The Chairman (not Chairperson?) of the FDIC, who has unfortunately signed on to the veritable destruction of the FDIC by going along with PPIP, gave a speech yesterday to the Economic Club of New York designed to improve her image and, in the nature of bureaucrats, to further increase her power.
She decried the Too Big to Fail doctrine of bank holding companies. She asked that the FDIC be given the power to take over all of a company that owned a bank that was a member of the FDIC system, even if that company primarily was not in the depository banking business, such as Citigroup. Basically, she wants a potentially bigger FDIC so that can be on a par with the giants of Big Finance.
Econblog Review agrees with Ms. Bair that new thinking is needed. EBR also agrees with FDR and probably with the philosopher/mathematician Nassim Taleb that bank holding companies themselves are the problem. Bring back the Glass-Steagall law and let a company either be a plain vanilla regulated depository institution, with its depositors accepting low-ish interest rates for the security of a government guarantee, or let it be an investment banking company, or a trading/gambling company etc.
Ms. Bair said:
Everybody should have the freedom to fail in a market economy. Without that freedom, capitalism doesn't work.
EBR would ask Ms. Bair what PPIP is about if not preventing Citigroup and others from failing, using my money and yours. If she really believed the above statement, she would resign from her position rather than risk far more than FDIC's capital for an unfair bailout of the gamblers in Big Finance.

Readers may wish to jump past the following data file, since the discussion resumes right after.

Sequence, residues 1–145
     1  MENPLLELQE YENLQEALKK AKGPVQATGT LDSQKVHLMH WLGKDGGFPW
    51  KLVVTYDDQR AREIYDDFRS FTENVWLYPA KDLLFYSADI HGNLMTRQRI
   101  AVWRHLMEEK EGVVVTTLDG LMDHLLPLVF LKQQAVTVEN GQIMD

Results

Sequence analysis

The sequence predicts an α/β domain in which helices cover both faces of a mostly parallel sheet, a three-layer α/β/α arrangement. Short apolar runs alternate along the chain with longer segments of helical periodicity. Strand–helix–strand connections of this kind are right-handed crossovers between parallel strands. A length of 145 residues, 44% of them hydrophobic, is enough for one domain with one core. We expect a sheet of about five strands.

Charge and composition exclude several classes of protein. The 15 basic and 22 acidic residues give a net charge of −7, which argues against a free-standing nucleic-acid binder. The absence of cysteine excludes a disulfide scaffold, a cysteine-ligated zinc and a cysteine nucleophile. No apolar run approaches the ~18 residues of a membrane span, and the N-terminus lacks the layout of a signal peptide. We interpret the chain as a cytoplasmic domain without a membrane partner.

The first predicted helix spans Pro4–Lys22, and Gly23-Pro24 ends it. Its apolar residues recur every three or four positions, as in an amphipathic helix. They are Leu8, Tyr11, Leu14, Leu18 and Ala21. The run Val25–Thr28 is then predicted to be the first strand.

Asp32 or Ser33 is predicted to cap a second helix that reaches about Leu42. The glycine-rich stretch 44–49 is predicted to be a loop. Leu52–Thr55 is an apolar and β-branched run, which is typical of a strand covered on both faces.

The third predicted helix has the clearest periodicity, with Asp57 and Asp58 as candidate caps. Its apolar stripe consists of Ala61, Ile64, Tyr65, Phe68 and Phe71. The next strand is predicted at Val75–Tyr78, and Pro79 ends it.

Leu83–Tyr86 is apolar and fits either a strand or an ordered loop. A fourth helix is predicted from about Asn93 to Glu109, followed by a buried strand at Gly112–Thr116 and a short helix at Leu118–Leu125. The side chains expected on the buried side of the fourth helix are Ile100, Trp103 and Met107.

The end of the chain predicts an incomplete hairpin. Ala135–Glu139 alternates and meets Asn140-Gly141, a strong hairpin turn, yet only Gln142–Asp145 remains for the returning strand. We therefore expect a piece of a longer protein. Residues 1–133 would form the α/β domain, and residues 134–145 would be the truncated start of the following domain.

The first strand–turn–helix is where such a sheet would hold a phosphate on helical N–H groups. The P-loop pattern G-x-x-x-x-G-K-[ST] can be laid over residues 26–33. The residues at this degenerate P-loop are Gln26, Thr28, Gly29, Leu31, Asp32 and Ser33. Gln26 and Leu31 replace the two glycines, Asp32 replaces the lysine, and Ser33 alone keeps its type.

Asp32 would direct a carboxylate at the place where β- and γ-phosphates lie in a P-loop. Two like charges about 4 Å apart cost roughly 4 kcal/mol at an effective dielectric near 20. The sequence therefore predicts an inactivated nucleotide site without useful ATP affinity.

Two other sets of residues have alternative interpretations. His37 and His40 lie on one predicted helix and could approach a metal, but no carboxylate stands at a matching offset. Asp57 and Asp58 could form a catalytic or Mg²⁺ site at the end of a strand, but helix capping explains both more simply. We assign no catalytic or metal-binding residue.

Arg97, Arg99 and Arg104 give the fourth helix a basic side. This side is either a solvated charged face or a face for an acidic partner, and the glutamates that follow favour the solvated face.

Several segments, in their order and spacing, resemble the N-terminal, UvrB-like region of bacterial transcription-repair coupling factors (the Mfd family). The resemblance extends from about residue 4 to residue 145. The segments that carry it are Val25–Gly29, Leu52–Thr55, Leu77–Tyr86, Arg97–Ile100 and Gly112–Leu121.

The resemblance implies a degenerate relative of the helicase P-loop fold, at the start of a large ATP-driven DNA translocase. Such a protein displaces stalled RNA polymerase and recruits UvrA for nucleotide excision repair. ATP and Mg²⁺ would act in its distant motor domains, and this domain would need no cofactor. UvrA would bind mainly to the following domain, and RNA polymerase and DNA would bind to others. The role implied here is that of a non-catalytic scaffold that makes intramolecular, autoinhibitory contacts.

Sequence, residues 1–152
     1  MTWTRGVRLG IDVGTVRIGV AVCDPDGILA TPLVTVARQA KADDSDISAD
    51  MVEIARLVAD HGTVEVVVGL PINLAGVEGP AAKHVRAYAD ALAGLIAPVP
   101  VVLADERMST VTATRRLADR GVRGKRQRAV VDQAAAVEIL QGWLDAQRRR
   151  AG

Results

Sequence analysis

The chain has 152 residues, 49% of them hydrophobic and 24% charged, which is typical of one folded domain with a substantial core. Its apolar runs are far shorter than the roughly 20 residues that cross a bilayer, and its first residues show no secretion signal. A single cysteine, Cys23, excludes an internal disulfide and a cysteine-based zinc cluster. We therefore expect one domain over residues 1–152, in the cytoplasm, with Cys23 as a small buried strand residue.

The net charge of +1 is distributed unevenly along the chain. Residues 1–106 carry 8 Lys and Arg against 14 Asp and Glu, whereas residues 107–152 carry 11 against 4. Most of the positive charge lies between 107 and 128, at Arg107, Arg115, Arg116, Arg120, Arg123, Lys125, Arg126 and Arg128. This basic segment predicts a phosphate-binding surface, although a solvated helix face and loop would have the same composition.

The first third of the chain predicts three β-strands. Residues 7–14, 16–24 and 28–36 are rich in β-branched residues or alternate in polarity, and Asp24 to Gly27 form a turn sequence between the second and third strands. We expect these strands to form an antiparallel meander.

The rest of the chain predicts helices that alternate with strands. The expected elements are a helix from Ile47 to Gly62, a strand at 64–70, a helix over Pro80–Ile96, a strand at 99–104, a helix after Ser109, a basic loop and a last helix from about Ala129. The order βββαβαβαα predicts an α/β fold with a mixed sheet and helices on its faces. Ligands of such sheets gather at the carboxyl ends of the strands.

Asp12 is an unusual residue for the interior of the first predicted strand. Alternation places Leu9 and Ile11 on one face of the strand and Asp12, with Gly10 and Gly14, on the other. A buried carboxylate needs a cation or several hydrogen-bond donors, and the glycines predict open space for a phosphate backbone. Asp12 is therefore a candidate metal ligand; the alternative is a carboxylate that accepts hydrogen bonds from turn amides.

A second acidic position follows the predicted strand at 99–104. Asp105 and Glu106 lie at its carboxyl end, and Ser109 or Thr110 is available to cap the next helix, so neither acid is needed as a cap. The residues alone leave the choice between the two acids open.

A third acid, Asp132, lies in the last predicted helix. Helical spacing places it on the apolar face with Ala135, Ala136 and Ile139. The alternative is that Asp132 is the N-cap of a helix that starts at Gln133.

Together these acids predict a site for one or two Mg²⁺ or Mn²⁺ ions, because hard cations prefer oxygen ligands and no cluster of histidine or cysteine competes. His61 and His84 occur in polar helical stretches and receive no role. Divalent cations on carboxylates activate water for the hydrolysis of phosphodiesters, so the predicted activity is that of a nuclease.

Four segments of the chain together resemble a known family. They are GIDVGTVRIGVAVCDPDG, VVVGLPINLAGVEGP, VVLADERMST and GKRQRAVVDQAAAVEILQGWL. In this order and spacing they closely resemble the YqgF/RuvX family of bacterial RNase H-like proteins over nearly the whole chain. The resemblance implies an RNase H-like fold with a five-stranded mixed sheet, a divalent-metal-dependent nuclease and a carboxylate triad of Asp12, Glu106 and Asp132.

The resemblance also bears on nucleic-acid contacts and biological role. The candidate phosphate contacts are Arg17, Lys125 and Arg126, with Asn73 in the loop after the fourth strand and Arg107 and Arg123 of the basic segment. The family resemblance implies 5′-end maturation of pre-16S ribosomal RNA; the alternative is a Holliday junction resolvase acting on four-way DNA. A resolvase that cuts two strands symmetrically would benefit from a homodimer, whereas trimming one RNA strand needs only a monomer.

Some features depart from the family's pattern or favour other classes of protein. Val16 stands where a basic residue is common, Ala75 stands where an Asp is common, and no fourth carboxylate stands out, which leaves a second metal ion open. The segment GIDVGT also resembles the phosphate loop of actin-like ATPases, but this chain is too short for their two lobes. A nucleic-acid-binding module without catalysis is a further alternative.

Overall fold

She also offered a misdiagnosis of the status of the banking industry:
As I see it, we are now in the cleanup phase. We need to get in, do the repair work, and get out.
This is like saying that it is time to clean up after a hurricane before it has left the area.
Earth to Sheila Bair: the economy is still shrinking. Even after the downturn technically ends, the economy will not suddenly become the 1999 economy. And we can be almost certain that the commercial real estate sector will be in recession or worse even after the economy returns to positive growth. Worse, there can be no way except in the future looking backward to be sure that another liquidity crisis will not occur.
Count no chickens before they are hatched; don't consider a crisis over till it truly is over.
It's never over till it's over.
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